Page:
“We had a 20-foot saw, and needed 25-foot lumber,” Dunning recalls. “But the Wood-Mizer saw company loaned us a 10-foot extension to put on the saw.”

Industrial standardization in the last 75 years made replacement of some elements all but impossible.

“The harvester has a lot of roller chain to run the mechanisms,” Dunning says. “So, we took it all off, and thought we’d just buy new chains. Well, that size of chain no longer exists. There’s five chains, each one 10 or 12 feet long. I had to take my torch, take each chain link apart, hand-brush them to remove the rust, drill out all the links and rollers, then reassemble it all. It took three days to do one chain.”

Then there were the finishing touches. The harvester has been completely painted – hand-brushed – by volunteers.

“It’s soaking in like water. We’ve used 11 gallons of red paint so far,” Dunning says. “The first thing we did was spray it with 12 gallons of a linseed oil/turpentine mix. By the time we’d worked our way around the whole thing, you couldn’t tell where you had started.”

The two-year restoration has been conducted entirely by an army of volunteers. Members of the Golden State Farm Education Center’s Vintage Iron Machinery Club have pitched in, as have local 4-H’ers wielding paint brushes.

“We have 2,200 recorded man hours in the whole project,” Dunning said this spring, “and we figure we’re two-thirds finished. But I’m positive we’re going to make it (in time for the scheduled June demonstration).”

Some may dispute the restoration’s authenticity.

“That’s something we had to decide,” Dunning says. “Leave it the way it is, as an interpretive piece, or restore it? And if we restore it, do we restore it to the original condition?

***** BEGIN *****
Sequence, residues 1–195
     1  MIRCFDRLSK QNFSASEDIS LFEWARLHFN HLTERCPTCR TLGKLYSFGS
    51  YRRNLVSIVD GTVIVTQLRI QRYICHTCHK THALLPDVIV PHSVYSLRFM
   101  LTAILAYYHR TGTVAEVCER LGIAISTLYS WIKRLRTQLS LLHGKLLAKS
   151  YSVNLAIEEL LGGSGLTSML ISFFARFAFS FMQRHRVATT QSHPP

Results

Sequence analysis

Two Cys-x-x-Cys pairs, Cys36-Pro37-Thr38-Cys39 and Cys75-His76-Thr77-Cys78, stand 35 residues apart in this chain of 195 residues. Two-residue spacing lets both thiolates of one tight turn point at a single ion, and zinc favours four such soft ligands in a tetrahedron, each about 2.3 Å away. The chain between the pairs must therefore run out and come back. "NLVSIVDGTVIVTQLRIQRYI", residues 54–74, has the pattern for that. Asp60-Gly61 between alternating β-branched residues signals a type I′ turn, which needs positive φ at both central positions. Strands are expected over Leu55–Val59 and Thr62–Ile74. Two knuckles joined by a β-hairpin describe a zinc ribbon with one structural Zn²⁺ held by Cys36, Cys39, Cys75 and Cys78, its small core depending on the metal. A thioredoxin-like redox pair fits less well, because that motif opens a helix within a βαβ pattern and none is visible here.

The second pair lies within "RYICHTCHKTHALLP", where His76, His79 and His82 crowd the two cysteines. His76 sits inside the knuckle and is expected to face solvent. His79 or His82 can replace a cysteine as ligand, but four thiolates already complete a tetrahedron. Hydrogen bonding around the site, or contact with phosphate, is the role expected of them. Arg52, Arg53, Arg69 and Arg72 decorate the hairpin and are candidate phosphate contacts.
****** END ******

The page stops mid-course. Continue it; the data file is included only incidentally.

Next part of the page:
“We’re not going back to the original condition. Through the years of the harvester, things changed. Originally, it was a sack harvester. It had a 19-foot-long chute; it was the longest chute I’ve ever seen. We’re going to put the sack chute back on. Later on, they converted it to a bulk rig with an auger, and attached the bulk tank to the side of the harvester. We have that, but it doesn’t get it back to the era we want to portray, which is 1910-12.”

“Some of the fittings and the welding is not original; there’s V-belt sprockets that aren’t original,” he says. “Number one, we don’t have the time. But what we’ve done is interpretative of the ingenuity farmers had to keep equipment going.”

And, technically, the 70 hp Best engine that powers the unit is not, in a pure sense, authentic to the harvester. During extensive research on the project, Dunning discovered a crucial fact about the old relic: It was originally powered by steam, not gas.

“We determined that it was originally a steam harvester,” Dunning says, “possibly built about 1907. Then, when gas engines were developed, it was converted to gas in about 1912. We hope to find a steam engine to put back on the front of it. This would be the only operational steam harvester in the country, if we could find a steam engine for it.”

The harvester is one of a kind; essentially, it is a museum piece. Is there any anxiety associated with actually using the beast to thresh a field of wheat?

“Oh, I’m sure we’ll be nervous to a certain degree. I’m sure there’s going to be a fair amount of trepidation associated with using it,” Dunning says. “But it was built to run. It was last used in 1958; the main hulk is in good shape.

“Still, with today’s standard of planting, the wheat has much heavier heads, greater and heavier yields. We had to have them plant the field at half of today’s planting rates … that old harvester doesn’t go that fast.” FC